SHANGHAI (Reuters) - A Chinese Communist Party journal said on Saturday that the country may experience near-term pain from trade friction with the United States, including a negative impact on financial stability, but China’s stable growth trend would not change.
A commentary in the ideological journal Qiushi, or Seeking Truth, warned that trade and economic friction between Washington and Beijing could undermine “China’s economic growth, financial stability, trade and investment, employment and people’s livelihoods,” particularly in industries exposed to tariff action by the United States.
“But at the same time, we must see that the fundamentals of China’s economic development have not changed. In particular, China’s economic structure has been significantly improved in recent years, which has effectively improved its ability to withstand external shocks.”
The United States had “provoked” these frictions, but China would accelerate research and development of core technologies, optimise its industrial structure, promote market diversification, and strengthen support provided by domestic demand to “turn bad into good,” the commentary said.
It said that China’s macroeconomic management had “sufficient policy space” to counter negative impacts, with fiscal policies potentially playing a “greater role in expanding domestic demand and restructuring”.
“Unblocking the transmission mechanism of monetary policy and guiding funds to invest in the real economy, particularly small and micro-enterprises, can alleviate the problem of difficult or expensive financing and strengthen the ability of the financial industry and the real economy to withstand risks,” it said.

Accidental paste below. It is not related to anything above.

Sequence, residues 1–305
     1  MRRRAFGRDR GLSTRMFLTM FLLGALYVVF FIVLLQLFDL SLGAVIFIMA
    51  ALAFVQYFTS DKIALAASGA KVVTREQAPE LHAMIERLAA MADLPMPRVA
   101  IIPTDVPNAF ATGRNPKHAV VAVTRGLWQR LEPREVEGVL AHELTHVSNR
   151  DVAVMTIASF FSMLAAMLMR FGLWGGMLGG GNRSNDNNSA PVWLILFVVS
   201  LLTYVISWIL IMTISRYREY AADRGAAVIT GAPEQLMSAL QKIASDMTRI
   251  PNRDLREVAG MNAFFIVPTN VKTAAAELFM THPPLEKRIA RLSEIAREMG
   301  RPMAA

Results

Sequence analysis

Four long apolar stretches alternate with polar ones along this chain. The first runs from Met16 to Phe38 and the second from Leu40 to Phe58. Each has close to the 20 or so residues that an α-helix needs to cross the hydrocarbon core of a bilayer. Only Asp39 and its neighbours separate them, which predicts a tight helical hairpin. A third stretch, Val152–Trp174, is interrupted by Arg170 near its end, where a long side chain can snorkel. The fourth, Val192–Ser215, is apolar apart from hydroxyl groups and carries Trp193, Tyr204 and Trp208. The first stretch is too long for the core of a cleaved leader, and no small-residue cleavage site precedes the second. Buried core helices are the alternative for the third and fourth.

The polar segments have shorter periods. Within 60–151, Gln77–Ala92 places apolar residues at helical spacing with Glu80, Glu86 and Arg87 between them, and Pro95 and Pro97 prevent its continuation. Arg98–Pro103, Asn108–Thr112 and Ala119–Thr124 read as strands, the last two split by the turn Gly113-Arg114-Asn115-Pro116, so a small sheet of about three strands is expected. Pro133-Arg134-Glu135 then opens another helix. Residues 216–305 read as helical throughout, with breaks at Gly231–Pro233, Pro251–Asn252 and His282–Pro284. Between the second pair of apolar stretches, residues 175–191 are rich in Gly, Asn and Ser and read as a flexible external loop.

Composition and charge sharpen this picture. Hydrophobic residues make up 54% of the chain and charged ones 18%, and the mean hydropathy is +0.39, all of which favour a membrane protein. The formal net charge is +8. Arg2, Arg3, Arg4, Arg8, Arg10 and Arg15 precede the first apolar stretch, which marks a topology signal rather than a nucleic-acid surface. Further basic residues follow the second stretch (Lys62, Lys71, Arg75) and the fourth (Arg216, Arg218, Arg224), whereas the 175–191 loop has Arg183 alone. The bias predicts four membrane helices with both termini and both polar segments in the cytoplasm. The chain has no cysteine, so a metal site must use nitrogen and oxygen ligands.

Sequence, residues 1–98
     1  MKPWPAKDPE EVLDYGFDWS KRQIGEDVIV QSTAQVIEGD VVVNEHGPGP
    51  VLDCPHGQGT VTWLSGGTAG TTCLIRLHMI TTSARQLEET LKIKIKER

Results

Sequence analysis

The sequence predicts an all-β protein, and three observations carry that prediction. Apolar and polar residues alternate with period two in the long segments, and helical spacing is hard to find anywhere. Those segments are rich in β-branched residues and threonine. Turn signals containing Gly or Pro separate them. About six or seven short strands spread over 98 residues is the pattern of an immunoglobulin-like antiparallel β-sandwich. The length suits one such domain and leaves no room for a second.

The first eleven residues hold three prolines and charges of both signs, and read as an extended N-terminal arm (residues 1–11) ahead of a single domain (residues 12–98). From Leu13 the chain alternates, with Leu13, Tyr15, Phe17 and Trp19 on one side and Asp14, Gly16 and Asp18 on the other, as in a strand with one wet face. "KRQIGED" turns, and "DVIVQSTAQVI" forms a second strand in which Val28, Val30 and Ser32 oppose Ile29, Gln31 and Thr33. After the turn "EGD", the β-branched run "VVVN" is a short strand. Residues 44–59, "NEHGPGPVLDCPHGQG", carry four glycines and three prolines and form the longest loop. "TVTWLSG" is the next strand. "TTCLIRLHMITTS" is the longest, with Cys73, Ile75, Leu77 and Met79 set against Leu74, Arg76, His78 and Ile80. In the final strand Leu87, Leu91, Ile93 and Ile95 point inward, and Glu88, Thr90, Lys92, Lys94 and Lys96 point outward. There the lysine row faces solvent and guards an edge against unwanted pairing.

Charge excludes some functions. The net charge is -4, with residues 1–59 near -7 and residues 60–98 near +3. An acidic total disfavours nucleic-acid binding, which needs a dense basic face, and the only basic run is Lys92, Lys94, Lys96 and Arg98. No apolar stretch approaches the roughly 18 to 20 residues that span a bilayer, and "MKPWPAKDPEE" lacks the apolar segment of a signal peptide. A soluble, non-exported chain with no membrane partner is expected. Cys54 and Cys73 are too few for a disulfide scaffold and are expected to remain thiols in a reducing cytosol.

“A just cause finds much support, an unjust one finds little,” the commentary said, quoting the Chinese philosopher Mencius. “Over time, Sino-U.S. economic and trade frictions will surely continue to develop in a direction favourable to China.”
In a separate Qiushi commentary on Saturday, Chinese Commerce Minister Zhong Shan called for “proactively expanding imports to promote balanced trade”.
China must “strengthen the protection of intellectual property rights, protect the legitimate rights and interests of foreign investors, and create a good business environment for investing in China,” Zhong wrote.
China will “greatly relax market access” and “steadily expand the opening of the financial industry, continue to promote the opening of the service industry and deepen the opening up of the agricultural, mining and manufacturing sectors,” he said.
China has made moves to ease foreign investment curbs amid Beijing’s trade dispute with the United States.
But an official said earlier this year that China’s opening of its financial sector to foreign banks and financial institutions would be based on the principal of reciprocity, and would not reward protectionism by other countries.
Reporting by Andrew Galbraith; Editing by Eric Meijer